Lewis Carroll, Alice's Adventures in Wonderland: Ch. 7

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'Ah! that accounts for it,' said the Hatter. 'He won't stand beating. Now, if you only kept on good terms with him, he'd do almost anything you liked with the clock. For instance, suppose it were nine o'clock in the morning, just time to begin lessons: you'd only have to whisper a hint to Time, and round goes the clock in a twinkling! Half-past one, time for dinner!'

('I only wish it was,' the March Hare said to itself in a whisper.)

'That would be grand, certainly,' said Alice thoughtfully: 'but then—I shouldn't be hungry for it, you know.'

'Not at first, perhaps,' said the Hatter: 'but you could keep it to half-past one as long as you liked.'

'Is that the way YOU manage?' Alice asked.

The Hatter shook his head mournfully. 'Not I!' he replied. 'We quarrelled last March—just before HE went mad, you know—' (pointing with his tea spoon at the March Hare,) '—it was at the great concert given by the Queen of Hearts, and I had to sing

     "Twinkle, twinkle, little bat!
     How I wonder what you're at!"

You know the song, perhaps?'

'I've heard something like it,' said Alice.

'It goes on, you know,' the Hatter continued, 'in this way:—

     "Up above the world you fly,
     Like a tea-tray in the sky.
         Twinkle, twinkle—"'

Here the Dormouse shook itself, and began singing in its sleep 'Twinkle, twinkle, twinkle, twinkle—' and went on so long that they had to pinch it to make it stop.

'Well, I'd hardly finished the first verse,' said the Hatter, 'when the Queen jumped up and bawled out, "He's murdering the time! Off with his head!"'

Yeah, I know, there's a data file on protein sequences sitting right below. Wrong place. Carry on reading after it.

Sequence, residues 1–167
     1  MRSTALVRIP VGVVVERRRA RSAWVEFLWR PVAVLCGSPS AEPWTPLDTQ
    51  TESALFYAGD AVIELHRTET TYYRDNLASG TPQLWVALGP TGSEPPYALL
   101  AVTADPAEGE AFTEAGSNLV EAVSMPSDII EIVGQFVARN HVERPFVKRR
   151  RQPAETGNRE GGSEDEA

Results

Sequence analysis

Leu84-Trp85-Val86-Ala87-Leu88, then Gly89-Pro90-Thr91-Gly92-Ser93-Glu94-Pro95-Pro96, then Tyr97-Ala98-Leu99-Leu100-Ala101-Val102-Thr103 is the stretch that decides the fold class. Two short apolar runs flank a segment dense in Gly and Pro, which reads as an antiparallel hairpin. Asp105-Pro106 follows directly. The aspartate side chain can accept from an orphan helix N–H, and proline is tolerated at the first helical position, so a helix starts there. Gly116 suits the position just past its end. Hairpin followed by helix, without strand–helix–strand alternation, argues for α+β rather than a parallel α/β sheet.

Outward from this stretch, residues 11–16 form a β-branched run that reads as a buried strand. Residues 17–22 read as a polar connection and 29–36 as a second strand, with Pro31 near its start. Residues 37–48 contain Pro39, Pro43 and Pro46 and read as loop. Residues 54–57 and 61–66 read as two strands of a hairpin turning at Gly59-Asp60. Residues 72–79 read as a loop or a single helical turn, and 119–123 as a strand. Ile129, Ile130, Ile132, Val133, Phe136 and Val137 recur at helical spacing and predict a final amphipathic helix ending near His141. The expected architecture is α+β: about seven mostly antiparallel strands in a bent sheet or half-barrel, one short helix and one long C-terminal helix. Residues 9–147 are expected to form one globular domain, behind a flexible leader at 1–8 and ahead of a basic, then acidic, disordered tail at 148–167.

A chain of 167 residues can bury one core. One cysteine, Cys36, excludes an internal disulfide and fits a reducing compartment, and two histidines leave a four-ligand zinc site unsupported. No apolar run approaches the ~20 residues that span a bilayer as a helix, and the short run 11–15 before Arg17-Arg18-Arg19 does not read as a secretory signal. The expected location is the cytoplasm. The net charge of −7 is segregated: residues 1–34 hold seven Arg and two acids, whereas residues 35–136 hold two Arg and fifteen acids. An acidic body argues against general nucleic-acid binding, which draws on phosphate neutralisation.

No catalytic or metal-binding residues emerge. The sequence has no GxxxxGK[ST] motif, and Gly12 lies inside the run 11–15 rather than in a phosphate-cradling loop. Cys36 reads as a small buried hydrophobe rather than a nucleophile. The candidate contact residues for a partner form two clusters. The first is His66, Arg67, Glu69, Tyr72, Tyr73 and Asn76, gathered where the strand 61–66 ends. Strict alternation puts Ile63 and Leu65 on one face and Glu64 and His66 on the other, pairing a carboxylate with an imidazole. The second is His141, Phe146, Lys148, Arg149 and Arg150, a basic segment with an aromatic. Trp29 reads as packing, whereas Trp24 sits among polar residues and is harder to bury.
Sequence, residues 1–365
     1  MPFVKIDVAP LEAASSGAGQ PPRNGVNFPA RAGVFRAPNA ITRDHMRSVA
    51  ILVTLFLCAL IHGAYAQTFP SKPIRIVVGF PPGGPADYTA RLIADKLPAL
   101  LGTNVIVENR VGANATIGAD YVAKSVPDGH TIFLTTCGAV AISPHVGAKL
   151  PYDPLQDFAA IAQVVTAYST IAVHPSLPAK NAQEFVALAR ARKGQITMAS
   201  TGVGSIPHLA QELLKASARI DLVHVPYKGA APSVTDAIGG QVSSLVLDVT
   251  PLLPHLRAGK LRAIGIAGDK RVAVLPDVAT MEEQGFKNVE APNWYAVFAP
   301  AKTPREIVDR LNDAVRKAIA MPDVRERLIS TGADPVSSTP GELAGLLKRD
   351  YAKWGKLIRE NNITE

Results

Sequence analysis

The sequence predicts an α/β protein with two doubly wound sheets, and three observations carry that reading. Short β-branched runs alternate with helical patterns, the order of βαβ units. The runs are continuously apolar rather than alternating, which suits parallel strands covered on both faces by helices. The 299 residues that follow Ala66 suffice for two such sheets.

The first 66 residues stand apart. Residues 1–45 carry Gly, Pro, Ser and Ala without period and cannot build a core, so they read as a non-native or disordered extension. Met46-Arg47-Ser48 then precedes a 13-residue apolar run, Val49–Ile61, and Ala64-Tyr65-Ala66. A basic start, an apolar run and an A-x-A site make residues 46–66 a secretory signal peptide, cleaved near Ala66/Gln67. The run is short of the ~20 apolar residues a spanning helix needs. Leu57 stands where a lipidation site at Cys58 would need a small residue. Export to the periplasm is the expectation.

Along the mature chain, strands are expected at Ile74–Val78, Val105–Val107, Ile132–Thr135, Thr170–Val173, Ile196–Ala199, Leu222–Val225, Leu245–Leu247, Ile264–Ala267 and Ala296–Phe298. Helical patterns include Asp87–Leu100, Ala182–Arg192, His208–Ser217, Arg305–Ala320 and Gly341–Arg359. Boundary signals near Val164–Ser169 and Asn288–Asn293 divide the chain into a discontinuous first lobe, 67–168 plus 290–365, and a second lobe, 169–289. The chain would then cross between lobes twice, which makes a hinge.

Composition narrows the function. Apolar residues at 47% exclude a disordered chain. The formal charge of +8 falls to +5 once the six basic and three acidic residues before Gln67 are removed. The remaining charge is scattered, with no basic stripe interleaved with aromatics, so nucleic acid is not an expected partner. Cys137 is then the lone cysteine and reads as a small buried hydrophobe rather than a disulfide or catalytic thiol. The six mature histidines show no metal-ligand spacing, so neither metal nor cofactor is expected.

'How dreadfully savage!' exclaimed Alice.

'And ever since that,' the Hatter went on in a mournful tone, 'he won't do a thing I ask! It's always six o'clock now.'

A bright idea came into Alice's head. 'Is that the reason so many tea-things are put out here?' she asked.

'Yes, that's it,' said the Hatter with a sigh: 'it's always tea-time, and we've no time to wash the things between whiles.'

'Then you keep moving round, I suppose?' said Alice.

'Exactly so,' said the Hatter: 'as the things get used up.'

'But what happens when you come to the beginning again?' Alice ventured to ask.

'Suppose we change the subject,' the March Hare interrupted, yawning. 'I'm getting tired of this. I vote the young lady tells us a story.'

'I'm afraid I don't know one,' said Alice, rather alarmed at the proposal.

'Then the Dormouse shall!' they both cried. 'Wake up, Dormouse!' And they pinched it on both sides at once.